A high performer knows when to turn it up. When their number is called, they give everything they have. They don’t buy into the illusion of 110%. They know that 110% is unsustainable. Instead, they focus on increasing their capacity so that their 100% is better than the competition’s 110%.

A workaholic thinks “turn down for what?” They hustle, grind, and go H.A.M. all of the time. They have difficulty prioritizing what’s important, therefore, everything is important in their mind.

4. Knows Their Value vs. Allows Others To Determine Value

A high performer knows their self-worth and can thus work with a sense a freedom. This comes from doing periodic self-evaluation of their performance so that they can constantly improve. They create their own feedback loops rather than waiting on feedback from others.

A workaholic relies on external validation from their boss, colleagues, and clients and thus works with a sense of fear. They wait for external evaluations such as mid-year or annual reviews done by others to understand how well they are doing.

5. Proactive/Intentional vs. Reactive/Unintentional

A high performer is proactive about their time and work. They design their day and anchor the most meaningful and important things in time first, and then they allow fires and other unplanned events to fill in the rest of their day. They don’t allow distractions to deter their strategy.

A workaholic is reactive about their time and work. They allow other people to choose how their time gets spent working by reacting to emails, fires, unplanned events, and other distractions that arise throughout the day. If and when all of the minutia get addressed, they try to do what’s most meaningful.

6. Focus On What I Control vs. What I Can’t

A high performer focuses on their effort—inputs and outputs. Only the individual knows if they gave the task at hand their best. They judge themselves against their best self as opposed to others.

A workaholic focuses on the outcome and their income. Even when we think we do our best, the outcome that occurs and the income that is derived from it is not fully in our control. Their desire to compare leads them to judge themselves using common metrics of success which aren’t always directly correlated to effort.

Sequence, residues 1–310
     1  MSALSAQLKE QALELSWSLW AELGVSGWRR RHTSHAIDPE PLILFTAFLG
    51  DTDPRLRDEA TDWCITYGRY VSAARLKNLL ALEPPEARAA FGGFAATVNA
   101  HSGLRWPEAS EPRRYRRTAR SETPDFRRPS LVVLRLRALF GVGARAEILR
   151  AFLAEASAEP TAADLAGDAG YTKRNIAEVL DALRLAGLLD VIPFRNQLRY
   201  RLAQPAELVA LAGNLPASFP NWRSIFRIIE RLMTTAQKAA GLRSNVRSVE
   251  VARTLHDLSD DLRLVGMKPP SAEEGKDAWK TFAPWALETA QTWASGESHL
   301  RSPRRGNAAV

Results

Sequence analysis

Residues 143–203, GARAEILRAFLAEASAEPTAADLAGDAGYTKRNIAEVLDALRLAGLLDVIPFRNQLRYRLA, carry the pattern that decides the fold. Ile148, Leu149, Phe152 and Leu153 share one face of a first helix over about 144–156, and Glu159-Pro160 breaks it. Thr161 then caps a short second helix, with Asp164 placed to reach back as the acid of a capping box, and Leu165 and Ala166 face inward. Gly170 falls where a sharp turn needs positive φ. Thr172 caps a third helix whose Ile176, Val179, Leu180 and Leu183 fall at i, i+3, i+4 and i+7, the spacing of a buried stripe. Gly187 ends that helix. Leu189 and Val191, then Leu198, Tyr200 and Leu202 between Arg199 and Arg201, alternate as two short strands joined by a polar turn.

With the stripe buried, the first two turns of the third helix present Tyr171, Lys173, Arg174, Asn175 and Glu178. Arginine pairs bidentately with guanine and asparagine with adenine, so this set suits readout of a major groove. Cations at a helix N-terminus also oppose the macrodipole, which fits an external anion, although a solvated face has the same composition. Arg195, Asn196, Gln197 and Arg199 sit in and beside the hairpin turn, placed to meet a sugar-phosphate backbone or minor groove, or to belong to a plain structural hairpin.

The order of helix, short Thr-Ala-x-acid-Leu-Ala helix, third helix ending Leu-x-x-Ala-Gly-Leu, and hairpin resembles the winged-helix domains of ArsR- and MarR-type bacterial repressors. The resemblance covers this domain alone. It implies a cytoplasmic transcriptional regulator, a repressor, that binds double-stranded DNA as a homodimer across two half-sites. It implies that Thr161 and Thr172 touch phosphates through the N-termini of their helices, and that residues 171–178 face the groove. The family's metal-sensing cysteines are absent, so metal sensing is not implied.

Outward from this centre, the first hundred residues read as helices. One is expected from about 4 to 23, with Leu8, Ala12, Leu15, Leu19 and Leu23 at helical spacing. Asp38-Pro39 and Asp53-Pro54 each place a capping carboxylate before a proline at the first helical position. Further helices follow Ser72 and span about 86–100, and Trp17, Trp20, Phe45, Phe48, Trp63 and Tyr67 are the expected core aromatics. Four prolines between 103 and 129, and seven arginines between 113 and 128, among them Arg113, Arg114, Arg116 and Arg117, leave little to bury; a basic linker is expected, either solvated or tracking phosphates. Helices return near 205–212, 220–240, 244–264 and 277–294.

7. Put Self First vs. Second

A high performer puts themselves first because they know that by doing so, it allows them to serve others at a higher level. At times it appears to be selfish, but it’s actually selfless because they want to give first-class service to those they work with and for.

A workaholic puts others before themselves. This appears to be selfless, but it’s not sustainable. When we constantly give more than we have and never take time to replenish our source, we end up depleted. This behavior is also driven by the good intention of service, but the desire to be needed and be the hero counters that intention.

At the end of the day, workaholics do work to look important while high performers look for important work to do.

 

Craig J McConnell

“Entering Adulthood II”
 

 

(Continuing to) Make Sales People Memorable
(striving to) Re-imagine Retirement

314-753-2802

 


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Thought For The Week: AWESOME (TedTalk Video)

Posted on November 16, 2015 under Sales 101, Thoughts for the Week.

 

Neil Pasricha’s blog 1000 Awesome Things savors life’s simple pleasures, from free refills to clean sheets. In this heartfelt talk, he reveals the 3 secrets (all starting with A) to leading a life that’s truly awesome. (Filmed at TEDxToronto.)

Check out this amazing TED Talk:

Neil Pasricha: The 3 A’s of awesome

 

Craig J. McConnell
President
PrintGrowPro/SalesGrowPro, Inc.
314-753-2802
craigmcconnell49@gmail.com
“Making Sales People Memorable”
 
Visit my blog @ www.printgrowpro.com
 
 
Follow me onTwitter:  http://twitter.com/printgrowpro
 
Grow sales via better prospect management:  www.veritastraining.com

 


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Thoughts For The Week – SEE IT; BELIEVE IT; ACT ON IT (a TEDTALK video)

Posted on November 10, 2015 under Thoughts for the Week.
Draw Your Future – Patti Dobrowolski TED

Craig J McConnell

“Retirement Reimagined”        “Entering Adulthood II”
 
(Continuing to) Make Sales People Memorable
(striving to) Re-imagine Retirement